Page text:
Intermittent Fasting for Blood Sugar Control and Weight Loss in Insulin-Treated Type 2 Diabetes

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For persons with diabetes, controlling blood sugar levels and insulin doses forms a major part of health management. In the case of type 2 diabetes, the latest studies show that intermittent fasting is a feasible and safe option to control body weight while keeping blood sugar levels and insulin dosage in check. Of the population with diabetes, around 95% have type 2 diabetes, a chronic condition characterized by high blood sugar levels and insulin resistance. The number of people affected by this variety of diabetes has increased around five times between 1980 and 2021. With the general consensus that type 2 diabetes mellitus is incurable, affected individuals are recommended to have a lifestyle that keeps the condition under control.

Now, there is solid evidence that the irreversible status of type 2 diabetes may not hold as strong. Research undertaken by Anna Obermayer from Medical University of Graz, Austria has indicated that calorie restriction and intensive lifestyle changes can lead to remission from type 2 diabetes. Intermittent fasting is characterized by alternate fasting and eating, and has gained popularity as a dietary intervention that aids in weight loss. For persons with type 2 diabetes, intermittent fasting holds promise in weight reduction attempts, compared to the traditional calorie restricting regimen.

In an experiment where the feasibility of 3 non-consecutive days of intermittent fasting per week was tested for over 12 weeks in patients with insulin-treated type 2 diabetes, positive results were maintained. Over the 12 weeks, the participants also had their glucose levels monitored and received dietary counseling. After that, they had the participants reduce their calorie intake by 75% on three consecutive days and eat as they pleased for the rest of the week. With no incidents of severe hypoglycemia, there were no adverse effects related to the intervention during this period.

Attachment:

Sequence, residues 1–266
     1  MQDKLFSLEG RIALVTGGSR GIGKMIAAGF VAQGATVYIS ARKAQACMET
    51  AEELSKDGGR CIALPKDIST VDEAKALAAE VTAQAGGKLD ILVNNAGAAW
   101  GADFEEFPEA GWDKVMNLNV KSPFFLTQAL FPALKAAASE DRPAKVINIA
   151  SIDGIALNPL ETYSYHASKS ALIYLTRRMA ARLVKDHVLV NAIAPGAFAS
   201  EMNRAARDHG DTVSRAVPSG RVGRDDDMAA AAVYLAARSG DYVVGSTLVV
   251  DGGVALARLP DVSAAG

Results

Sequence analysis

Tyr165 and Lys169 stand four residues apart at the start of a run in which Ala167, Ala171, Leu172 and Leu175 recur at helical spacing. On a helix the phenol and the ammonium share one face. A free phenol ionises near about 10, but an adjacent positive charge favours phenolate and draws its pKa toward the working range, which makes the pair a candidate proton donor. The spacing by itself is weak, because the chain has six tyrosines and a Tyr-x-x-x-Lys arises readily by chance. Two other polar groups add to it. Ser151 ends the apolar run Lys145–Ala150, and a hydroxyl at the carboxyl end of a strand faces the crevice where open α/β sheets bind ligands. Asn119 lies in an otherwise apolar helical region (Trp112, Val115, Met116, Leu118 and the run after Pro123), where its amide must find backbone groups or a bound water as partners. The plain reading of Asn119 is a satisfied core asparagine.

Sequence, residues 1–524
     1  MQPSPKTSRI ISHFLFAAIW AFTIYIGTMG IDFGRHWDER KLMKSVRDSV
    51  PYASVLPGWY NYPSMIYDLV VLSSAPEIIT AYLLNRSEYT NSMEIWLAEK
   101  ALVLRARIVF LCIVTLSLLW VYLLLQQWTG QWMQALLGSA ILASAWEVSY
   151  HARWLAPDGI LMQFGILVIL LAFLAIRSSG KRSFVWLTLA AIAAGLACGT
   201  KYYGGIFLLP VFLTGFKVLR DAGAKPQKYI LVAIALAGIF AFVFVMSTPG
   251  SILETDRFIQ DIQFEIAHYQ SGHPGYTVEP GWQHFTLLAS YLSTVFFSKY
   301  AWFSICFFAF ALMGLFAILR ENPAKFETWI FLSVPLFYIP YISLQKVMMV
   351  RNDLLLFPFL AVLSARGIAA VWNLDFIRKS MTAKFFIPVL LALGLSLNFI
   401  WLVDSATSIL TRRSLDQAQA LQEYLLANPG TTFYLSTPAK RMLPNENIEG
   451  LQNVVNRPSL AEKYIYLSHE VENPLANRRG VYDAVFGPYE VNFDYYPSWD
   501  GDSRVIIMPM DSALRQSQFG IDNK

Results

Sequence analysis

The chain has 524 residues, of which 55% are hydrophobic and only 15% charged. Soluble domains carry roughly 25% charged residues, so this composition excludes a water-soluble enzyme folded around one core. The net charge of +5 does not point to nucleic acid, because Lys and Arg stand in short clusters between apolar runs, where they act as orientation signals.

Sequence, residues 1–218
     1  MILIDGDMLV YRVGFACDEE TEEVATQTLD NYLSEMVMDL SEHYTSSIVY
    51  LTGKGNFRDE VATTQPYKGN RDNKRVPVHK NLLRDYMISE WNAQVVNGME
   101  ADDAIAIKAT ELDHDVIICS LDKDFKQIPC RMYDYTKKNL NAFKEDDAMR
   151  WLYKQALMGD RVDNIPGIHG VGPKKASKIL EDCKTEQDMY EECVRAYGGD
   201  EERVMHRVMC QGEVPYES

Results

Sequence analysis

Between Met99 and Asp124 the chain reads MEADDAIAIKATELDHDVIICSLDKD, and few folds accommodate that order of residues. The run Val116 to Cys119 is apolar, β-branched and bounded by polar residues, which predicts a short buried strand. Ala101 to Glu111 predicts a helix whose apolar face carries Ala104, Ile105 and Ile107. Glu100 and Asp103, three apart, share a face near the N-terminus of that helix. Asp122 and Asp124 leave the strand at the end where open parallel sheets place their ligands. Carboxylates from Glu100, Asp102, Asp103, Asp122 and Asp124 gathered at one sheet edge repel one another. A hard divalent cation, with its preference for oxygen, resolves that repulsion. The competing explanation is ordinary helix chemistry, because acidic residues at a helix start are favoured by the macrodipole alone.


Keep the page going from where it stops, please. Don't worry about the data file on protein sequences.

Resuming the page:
In the time of 12 weeks, the HbA1c levels of the intermittent fasting group went from 69 mmol/mol (8.5%) to 7.3 mmol/mol. In the beginning, the fasting group was administered a dose of insulin at 52 IU, which dropped to 45 IU during the period. On the other hand, the control group saw the insulin dose increase from 59 IU to 63 IU during the trial period. In terms of body weight also, the intermittent fasting group saw a decline of 4.77 kg on an average whereas the control group showed a 0.27 kg increase. Thus, the study clearly shows that intermittent fasting has an impact on HbA1c levels and body weight.

One thing to note about intermittent fasting studies is that, more often than not, only one type of intermittent fasting is the focus of the study. There also needs to be a wider variety of people with type 2 diabetes in the group, to fully understand the implications of the dietary intervention. Finally, in the case of diabetes, remission from the condition is not the only concern. Therapeutic measures should also focus on relieving the organ systems from diabetes-related effects.

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